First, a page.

Thursday, November 10, 2011

Kindred Bonds: FGM and its relationship to DIA

There are communities that still practice FGM (Female Genital Mutilation). It can be called female circumcision or female genital surgery. No matter the name, it is controversial. No matter the controversy, it's still the excision of a decidedly female organ from the female body. It is the removal of an organ whose sole purpose is to derive pleasure. No other human organ's function is solely for pleasure. The clitoris contains 8000 (that's EIGHT THOUSAND) nerves while the head of the penis contains merely half. Stop for a moment and think about what that means. Women's bodies are designed not for the giving of pleasure to men, but to the receiving of pleasure. Women's sexuality is indeed sacred. And yet the practice of FGM continues to this day depriving young women and girls of the experience of their own sacred femininity. And as much as this seemingly barbaric act is shunned by the whole of Western Society, there are women in these very communities who defend its practice.

Now we can rationalize the practice all we want. Most of the women who defend it insist that a girl must be "clean" she must be marriageable. If a woman is not desirable to a man by undergoing this procedure she can run the risk of exile from her community and it can very well cost her her life. Mothers bring their daughters to elder women to be cut, to be mutilated because they are doing what they feel is in the best interest of their daughters - for not only their success within their social group, but for their very survival. And while this practice may ensure their membership, and hence their survival, in their social group: the bottom line is that someone else is benefiting from their loss. The men who will marry them have absolute sexual dominance over these women. And depending on how extreme the practice is, sex becomes a painful ordeal that they must suffer.

But further, many of the women who defend this practice do so because they feel that going through this rite to adulthood is a bonding experience for each of the girls involved. They endure tremendous pain and come through the shared experience with a new sisterhood around them. Each girl is now a highly ranked member of her social group. She is, well, a woman. And it is the pain itself that they endure and conquer that is the thread that binds these women together in sisterhood.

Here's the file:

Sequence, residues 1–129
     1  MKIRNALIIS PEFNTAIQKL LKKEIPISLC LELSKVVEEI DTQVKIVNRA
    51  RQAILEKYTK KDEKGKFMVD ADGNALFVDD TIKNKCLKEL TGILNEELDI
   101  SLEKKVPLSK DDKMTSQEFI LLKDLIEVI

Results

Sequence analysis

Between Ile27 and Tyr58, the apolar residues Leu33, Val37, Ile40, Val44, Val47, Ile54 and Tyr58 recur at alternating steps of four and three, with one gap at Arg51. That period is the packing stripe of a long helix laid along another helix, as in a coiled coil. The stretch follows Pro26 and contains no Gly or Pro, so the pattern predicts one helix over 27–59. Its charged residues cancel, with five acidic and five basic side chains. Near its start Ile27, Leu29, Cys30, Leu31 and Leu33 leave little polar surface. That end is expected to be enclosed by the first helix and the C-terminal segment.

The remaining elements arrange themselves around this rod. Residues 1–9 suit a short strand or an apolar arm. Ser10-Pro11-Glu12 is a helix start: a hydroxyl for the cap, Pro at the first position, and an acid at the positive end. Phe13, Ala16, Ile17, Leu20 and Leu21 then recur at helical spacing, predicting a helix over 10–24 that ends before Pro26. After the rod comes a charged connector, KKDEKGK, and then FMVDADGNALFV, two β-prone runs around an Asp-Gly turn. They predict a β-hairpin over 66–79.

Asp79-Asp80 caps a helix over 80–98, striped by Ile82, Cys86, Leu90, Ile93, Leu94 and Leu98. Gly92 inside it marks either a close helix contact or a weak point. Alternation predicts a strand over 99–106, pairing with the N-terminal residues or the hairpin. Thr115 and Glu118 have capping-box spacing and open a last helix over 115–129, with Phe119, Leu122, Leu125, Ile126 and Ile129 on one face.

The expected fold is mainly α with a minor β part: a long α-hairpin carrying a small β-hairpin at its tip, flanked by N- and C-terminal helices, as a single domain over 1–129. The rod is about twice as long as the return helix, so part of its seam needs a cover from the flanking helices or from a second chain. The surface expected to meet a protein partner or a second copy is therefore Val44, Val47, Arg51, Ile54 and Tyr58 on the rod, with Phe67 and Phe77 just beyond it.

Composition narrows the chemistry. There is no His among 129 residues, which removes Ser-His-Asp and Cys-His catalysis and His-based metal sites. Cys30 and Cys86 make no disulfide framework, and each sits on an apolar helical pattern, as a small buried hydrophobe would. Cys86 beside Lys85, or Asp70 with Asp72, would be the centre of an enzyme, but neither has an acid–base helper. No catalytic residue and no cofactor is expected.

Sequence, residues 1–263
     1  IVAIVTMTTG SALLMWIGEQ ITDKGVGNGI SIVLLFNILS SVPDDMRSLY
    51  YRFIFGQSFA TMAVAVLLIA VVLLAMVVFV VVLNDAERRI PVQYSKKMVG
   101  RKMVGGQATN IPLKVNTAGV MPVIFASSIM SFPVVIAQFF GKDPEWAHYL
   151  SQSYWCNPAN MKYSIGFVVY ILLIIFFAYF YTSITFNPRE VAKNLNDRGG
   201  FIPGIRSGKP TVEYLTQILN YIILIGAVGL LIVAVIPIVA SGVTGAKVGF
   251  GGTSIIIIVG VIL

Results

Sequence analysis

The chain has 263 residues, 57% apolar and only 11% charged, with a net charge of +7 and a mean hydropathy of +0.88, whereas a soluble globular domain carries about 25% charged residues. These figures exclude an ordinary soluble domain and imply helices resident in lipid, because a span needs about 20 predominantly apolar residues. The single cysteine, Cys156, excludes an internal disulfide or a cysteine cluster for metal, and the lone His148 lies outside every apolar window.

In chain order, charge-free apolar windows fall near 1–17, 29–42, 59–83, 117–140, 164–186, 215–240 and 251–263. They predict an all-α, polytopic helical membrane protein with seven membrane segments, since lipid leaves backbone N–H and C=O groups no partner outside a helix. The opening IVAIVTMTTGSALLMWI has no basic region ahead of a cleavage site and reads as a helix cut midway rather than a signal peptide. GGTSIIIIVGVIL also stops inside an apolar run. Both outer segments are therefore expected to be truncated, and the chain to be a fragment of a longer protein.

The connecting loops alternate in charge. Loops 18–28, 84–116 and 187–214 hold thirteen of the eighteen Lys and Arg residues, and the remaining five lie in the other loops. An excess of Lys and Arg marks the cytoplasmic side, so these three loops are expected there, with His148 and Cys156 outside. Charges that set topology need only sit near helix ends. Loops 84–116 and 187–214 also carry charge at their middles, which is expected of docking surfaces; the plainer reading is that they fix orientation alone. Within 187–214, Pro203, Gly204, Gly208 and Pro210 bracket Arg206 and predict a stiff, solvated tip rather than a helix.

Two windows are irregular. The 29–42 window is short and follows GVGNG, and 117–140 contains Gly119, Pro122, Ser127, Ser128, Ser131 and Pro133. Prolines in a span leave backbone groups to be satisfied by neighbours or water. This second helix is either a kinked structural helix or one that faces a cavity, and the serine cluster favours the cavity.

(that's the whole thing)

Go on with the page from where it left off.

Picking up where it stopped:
I have my own sisterhood. We are natural mothers who have endured the most wicked of pain. And we are eternally bonded in the torment. We have each have had excised from our bodies something even more symbolic, more evident, of our womanhood. We live daily with the unimaginable pain of having lost our precious children to Domestic Infant Adoption (DIA.) And some of us for the very same reason that these other women on another continent endure the pain of FGM. We have to be marriageable. We have to be proper members of our society. We have to sacrifice in order to just survive. And we can rationalize this practice - the practice of excising and infant from his mother's body - any way we want but the bottom line is still the same: someone else is benefiting from our pain. Someone else has supreme dominance over the most sacred act of womanhood.

It matters not what the justifications are. She's too young. She needs to go to college. She doesn't have any good job prospects. She isn't emotionally stable. She doesn't have enough money. All of these are messages to a woman that she is not good enough. She, who she is at a fundamental level, is not worthy of motherhood.

The real difference in this analogy is that FGM is practiced in order to rid a woman of an unwanted biological organism to be discarded as trash. DIA is practiced in order to rid a woman of the most precious biological organism to be sold to desperate couples for cash. And while I can let go of my Western bias and work to understand why women would subject other women to FGM I am unable to accept the Western bias that allows women to subject other women to DIA.

With the uproar over FGM, I cannot for the life of me understand why there isn't the very same outcry over DIA.

More on this later...

Saturday, March 5, 2011

What's in a name?